Is Denying God's Wrath a Denial of God's Love?
Reflecting on the Third Sunday in Lent, One Day after Sunday (Year C)
Psalter: Psalm 39
Old Testament: Jeremiah 11:1-17
Epistle: Romans 2:1-11
God of wilderness and water, your Son was baptized and tempted as we are. Guide us through this season, that we may not avoid struggle, but open ourselves to blessing, through the cleansing depths of repentance and the heaven-rending words of the Spirit. Amen.
Do you not realize that God’s kindness is meant to lead you to repentance? But by your hard and impenitent heart you are storing up wrath for yourself on the day of wrath, when God’s righteous judgment will be revealed. For he will repay according to each one’s deeds: to those who by patiently doing good seek for glory and honor and immortality, he will give eternal life; while for those who are self-seeking and who obey not the truth but wickedness, there will be wrath and fury. There will be anguish and distress for everyone who does evil, the Jew first and also the Greek, but glory and honor and peace for everyone who does good, the Jew first and also the Greek. For God shows no partiality (Roman 2:3-11)
by N.T. Wright
Face it: to deny God’s wrath is, at bottom, to deny God’s love. When God sees humans being enslaved – and do please go and see the film Amazing Grace as soon as you get the chance – if God doesn’t hate it, he is not a loving God. (It was the sneering, sophisticated set who tried to make out that God didn’t get angry about that kind of thing, and whom Wilberforce opposed with the message that God really does hate slavery.) When God sees innocent people being bombed because of someone’s political agenda, if God doesn’t hate it, he isn’t a loving God. When God sees people lying and cheating and abusing one another, exploiting and grafting and preying on one another, if God were to say, ‘never mind, I love you all anyway’, he is neither good nor loving.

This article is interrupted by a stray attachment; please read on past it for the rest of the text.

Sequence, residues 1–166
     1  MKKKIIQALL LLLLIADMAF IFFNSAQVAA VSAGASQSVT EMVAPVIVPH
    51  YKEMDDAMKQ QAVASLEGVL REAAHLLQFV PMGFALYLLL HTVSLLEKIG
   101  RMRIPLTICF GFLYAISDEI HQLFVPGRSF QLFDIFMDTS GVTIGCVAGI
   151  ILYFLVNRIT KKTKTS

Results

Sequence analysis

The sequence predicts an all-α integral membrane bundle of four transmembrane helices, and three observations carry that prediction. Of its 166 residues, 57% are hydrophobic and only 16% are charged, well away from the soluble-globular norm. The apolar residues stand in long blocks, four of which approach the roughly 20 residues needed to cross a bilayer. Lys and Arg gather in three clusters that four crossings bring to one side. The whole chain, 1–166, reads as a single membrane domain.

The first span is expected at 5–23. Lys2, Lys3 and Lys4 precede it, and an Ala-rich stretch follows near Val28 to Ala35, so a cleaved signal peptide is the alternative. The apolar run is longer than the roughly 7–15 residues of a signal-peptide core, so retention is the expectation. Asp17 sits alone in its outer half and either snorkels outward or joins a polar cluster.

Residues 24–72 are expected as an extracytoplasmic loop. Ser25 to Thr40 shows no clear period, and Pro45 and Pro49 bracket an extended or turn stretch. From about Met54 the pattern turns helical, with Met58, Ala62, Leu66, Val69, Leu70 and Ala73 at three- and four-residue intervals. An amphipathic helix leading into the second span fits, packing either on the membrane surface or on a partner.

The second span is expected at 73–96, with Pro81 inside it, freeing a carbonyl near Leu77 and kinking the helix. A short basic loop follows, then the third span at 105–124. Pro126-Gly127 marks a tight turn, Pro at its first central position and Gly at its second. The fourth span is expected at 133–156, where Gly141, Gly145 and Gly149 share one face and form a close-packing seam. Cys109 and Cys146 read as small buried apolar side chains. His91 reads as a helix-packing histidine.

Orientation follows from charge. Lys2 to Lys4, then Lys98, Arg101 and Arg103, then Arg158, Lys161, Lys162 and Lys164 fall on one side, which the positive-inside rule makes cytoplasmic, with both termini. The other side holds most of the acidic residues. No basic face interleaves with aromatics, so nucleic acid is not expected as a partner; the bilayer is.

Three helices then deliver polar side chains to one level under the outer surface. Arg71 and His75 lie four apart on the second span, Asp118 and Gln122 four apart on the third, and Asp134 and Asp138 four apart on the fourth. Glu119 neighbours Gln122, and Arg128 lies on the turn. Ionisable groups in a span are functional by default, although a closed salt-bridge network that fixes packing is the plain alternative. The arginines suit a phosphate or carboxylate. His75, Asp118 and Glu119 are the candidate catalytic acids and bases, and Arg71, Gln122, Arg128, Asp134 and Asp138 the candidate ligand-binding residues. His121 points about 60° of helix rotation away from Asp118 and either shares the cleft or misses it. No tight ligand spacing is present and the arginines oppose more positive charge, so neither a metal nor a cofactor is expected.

The Bible doesn’t speak of a God of generalized benevolence. It speaks of the God who made the world and loves it so passionately that he must and does hate everything that distorts and defaces the world and particularly his human creatures. And the Bible doesn’t tell an abstract story about people running up a big debit balance in God’s bank and God suddenly, out of the blue, charging the whole lot to Jesus. The Bible tells a story about the creator God calling a people through whom he would put the world right, living with that covenant people even when they themselves went wrong, allowing them to become the place where the power of evil would do its worst, and preparing them all through for the moment when, like the composer finally stepping on stage to play the solo part, he would come and take upon himself, in the person of his Son, the pain and shame, yes, the horror and darkness, yes, but also, in Matthew, Mark, Luke and John, in Paul and Acts and Hebrews and 1 Peter and Revelation, in Ignatius and Irenaeus and Augustine and Aquinas, in Luther and Calvin and Cranmer and Hooker, in Herbert and Donne and Wesley and Watts – he would take upon himself the condemnation which, precisely because he loves us to the uttermost, he must pronounce over that deadly disease we call sin. To deny this, as some would do today as they have for hundreds of years, is to deny the depth and weight of sin and the deeper depth and heavier weight of God’s redeeming love. The word of the cross is folly to those who are perishing, but to us who are being saved it is the power of God.
Check out more of Tom Wright’s writings here.